Egypt's railway system needs one year to show signs of improvement: Minister

Ahram Online , Wednesday 7 Sep 2016

The government's wider plan to develop Egypt's rail system will take two to three years, transport minister says

Egyptians check the wreckage of a train after it derailed near the village of Al-Ayyat in Giza on the southern outskirts of the capital Cairo, on September 7, 2016. (AFP)

Egypt's Minister of Transportation Galal Said said Wednesday that Egypt's railway system would take a year to show signs of improvement as it has endured deterioration over a long time.

According to state news agency MENA, Said added that repairing and developing the railway system would take the ministry two to three years.

"The development programme includes improving the existing rail system and carriages and buying new ones," he said.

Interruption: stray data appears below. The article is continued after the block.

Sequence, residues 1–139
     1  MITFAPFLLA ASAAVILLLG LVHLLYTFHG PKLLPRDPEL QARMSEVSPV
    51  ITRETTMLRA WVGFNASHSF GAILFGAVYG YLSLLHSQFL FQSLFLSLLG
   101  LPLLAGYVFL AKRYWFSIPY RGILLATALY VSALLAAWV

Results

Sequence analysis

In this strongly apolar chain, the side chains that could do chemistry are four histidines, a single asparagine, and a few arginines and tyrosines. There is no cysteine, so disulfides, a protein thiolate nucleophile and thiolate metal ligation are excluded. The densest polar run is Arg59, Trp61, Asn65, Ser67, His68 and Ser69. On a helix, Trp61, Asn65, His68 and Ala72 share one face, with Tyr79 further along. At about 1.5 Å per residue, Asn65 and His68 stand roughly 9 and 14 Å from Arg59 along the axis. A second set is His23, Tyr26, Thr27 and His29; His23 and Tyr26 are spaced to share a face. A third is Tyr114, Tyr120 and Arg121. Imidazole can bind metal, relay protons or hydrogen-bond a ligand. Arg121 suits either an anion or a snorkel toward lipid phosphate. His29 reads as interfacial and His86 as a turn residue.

The minister's statement came after a deadly train accident in Giza's Al-Ayyat Wednesday morning in which five people were killed and 27 injured when three train carriages derailed.

Giza governor Mohamed Al-Dali issued compensation: EGP 5000 for the families of deceased and EGP 2000 for those injured in the train accident.

Egypt's railway system is operated manually, with employees responsible for opening of crossings by communicating with drivers, a practice that is considered potentially unsafe and unreliable.

Al-Ayyat, about 70 km south of Cairo, also witnessed the worst train disaster in Egypt when a train packed to double capacity caught fire, killing 373 in 2002. 

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